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Using Whois to Enforce Law?

Before starting I’d like to remind you that there are two distinct Whois systems—the one for IP address delegations and one for DNS registrations. I believe that the former is a useful system in which there are clear utility values that outweigh the privacy costs, and in which the person whose privacy is exposed has made a knowing choice. I do not believe that these arguments apply to the latter, the DNS, form of Whois.

As you know I am a firm believer in the right of personal privacy.

One of the well established principles of privacy is that information that is gathered for a particular purpose be used only for that purpose. Remember, people who disclose information are making an implicit balance between their loss of privacy and the gain of a desired service. To use personal information in additional ways throws out that balance and, in the end, will make people less willing to disclose information for any purpose.

We have to remember that people have a strong interest in protecting privacy—for example, consider parents of a pre-teenage daughter who is using the internet for school and social purposes. Those parents can easily have a legitimate fear that Whois information about where the family lives and their net addresses could subject the daughter to risks from stalkers and predators. It’s Megan’s law in reverse—the contact information of potential victims is published 24x7x365 to potential predators.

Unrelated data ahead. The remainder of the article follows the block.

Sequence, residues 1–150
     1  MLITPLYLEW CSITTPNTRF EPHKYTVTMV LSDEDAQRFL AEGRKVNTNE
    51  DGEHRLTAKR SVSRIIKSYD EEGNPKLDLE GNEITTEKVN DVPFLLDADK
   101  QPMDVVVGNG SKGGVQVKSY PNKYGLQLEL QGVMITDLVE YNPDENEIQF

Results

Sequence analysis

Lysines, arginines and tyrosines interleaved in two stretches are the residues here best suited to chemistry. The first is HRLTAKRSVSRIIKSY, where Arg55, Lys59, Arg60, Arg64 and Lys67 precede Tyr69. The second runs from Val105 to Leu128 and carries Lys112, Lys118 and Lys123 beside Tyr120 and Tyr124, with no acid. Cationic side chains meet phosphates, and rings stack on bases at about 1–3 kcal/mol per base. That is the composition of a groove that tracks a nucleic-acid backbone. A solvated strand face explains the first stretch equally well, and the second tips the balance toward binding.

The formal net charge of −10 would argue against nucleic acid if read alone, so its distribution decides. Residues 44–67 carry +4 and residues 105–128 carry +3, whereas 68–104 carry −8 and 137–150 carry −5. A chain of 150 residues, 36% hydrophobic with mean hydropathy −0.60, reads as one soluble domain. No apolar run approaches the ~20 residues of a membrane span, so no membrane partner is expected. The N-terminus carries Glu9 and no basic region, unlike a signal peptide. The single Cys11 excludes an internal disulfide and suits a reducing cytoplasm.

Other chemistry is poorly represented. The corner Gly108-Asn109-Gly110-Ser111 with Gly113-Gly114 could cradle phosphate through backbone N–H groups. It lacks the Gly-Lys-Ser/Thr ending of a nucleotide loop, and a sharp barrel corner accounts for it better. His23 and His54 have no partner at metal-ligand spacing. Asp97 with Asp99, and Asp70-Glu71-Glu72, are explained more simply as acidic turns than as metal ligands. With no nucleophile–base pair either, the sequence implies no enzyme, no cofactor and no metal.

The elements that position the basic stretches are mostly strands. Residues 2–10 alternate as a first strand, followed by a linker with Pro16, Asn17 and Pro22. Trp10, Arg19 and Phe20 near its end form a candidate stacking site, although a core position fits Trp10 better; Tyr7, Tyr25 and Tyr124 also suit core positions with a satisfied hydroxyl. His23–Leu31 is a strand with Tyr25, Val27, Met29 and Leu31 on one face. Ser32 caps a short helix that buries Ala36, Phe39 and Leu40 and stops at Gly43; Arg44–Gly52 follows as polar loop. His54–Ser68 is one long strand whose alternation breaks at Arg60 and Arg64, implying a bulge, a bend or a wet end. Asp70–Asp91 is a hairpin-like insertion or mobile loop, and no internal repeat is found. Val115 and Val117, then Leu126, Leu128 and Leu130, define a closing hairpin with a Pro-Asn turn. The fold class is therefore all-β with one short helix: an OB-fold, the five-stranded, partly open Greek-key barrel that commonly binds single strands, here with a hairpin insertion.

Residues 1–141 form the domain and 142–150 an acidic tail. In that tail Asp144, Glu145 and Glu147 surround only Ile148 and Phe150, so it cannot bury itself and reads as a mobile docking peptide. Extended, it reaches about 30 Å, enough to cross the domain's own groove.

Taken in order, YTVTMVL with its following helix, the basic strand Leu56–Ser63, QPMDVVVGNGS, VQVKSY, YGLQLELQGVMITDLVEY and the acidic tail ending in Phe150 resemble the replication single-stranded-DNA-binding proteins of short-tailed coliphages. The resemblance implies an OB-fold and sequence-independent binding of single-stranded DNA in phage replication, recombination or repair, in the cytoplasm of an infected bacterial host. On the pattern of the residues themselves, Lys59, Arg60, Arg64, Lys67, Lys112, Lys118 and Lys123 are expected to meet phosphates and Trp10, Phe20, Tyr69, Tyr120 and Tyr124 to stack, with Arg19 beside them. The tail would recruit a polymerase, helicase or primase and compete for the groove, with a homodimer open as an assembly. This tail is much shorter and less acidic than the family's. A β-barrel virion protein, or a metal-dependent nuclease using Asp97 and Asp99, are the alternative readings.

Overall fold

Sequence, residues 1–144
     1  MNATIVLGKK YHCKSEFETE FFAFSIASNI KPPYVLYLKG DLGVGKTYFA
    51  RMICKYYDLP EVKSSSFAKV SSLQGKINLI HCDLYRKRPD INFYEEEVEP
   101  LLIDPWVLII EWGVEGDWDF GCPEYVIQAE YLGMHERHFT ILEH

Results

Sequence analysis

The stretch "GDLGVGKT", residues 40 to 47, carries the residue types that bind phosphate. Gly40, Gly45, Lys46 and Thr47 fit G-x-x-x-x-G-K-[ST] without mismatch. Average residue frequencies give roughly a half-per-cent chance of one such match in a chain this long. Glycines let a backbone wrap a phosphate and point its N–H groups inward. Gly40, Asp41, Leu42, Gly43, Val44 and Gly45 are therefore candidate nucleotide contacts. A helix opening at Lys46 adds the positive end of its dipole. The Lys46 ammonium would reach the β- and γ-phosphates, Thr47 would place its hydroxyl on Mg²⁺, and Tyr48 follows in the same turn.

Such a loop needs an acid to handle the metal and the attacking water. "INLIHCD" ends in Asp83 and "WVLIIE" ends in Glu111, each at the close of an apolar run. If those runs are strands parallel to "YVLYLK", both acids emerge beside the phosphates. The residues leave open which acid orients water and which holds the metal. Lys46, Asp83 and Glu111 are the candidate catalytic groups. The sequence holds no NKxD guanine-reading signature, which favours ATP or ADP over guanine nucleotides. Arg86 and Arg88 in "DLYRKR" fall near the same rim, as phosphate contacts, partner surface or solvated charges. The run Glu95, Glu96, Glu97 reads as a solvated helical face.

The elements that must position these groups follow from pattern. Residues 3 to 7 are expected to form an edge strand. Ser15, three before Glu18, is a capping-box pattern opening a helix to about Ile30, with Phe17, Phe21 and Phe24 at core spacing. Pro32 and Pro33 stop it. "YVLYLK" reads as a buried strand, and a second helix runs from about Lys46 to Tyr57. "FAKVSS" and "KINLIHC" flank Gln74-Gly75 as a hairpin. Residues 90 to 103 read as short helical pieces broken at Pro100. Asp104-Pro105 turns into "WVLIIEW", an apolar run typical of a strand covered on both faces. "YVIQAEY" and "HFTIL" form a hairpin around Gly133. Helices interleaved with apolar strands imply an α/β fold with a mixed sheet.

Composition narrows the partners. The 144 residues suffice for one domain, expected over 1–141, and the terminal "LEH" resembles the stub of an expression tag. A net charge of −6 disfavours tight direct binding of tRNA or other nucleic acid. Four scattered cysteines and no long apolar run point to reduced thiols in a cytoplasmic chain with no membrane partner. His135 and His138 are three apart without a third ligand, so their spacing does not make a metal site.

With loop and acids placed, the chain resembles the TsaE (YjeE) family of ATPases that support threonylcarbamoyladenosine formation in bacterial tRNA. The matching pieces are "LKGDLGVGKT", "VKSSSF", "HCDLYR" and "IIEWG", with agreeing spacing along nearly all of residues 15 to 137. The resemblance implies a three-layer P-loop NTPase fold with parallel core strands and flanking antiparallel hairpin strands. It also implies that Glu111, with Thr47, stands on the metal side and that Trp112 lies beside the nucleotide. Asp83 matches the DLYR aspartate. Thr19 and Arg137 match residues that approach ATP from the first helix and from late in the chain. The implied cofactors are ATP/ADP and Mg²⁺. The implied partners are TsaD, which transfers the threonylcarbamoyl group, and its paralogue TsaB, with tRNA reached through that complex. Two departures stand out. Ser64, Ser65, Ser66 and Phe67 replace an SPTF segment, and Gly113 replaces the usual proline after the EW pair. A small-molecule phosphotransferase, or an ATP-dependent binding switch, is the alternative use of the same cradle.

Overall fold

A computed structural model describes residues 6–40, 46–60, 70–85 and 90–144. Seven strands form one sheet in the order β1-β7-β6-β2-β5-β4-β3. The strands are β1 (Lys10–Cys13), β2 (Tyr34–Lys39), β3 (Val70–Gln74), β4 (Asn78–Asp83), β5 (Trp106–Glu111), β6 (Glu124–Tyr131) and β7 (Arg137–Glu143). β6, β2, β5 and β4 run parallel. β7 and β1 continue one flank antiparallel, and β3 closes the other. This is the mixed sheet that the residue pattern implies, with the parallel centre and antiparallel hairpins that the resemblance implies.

As for the utility of Whois for the vindication of intellectual property rights or other perceived abuses: In our society we have a very well oiled and very effective system for dealing with situations in which someone claims that their rights have been violated. That system is called the legal system. It requires that the putative damaged party make a showing that there is some reason to believe that rights have been damaged. If that showing is met then the system allows the supervised opening of records in order to ascertain additional information, such as the true identity of the accused.